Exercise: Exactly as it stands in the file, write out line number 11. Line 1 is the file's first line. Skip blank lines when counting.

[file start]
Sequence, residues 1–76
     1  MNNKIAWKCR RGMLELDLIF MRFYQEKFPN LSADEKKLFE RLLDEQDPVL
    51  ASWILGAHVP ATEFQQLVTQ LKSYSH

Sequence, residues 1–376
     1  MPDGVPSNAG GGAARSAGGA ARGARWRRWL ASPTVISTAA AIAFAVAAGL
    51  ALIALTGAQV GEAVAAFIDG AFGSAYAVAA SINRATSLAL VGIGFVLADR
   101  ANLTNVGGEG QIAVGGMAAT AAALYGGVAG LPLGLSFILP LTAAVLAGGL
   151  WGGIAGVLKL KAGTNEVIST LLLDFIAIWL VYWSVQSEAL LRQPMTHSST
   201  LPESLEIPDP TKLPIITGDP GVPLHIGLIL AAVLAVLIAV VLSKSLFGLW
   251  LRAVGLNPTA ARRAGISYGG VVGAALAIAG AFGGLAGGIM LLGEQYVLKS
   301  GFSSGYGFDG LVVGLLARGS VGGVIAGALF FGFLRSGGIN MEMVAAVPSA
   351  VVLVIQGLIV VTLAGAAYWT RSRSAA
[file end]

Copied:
   301  GFSSGYGFDG LVVGLLARGS VGGVIAGALF FGFLRSGGIN MEMVAAVPSA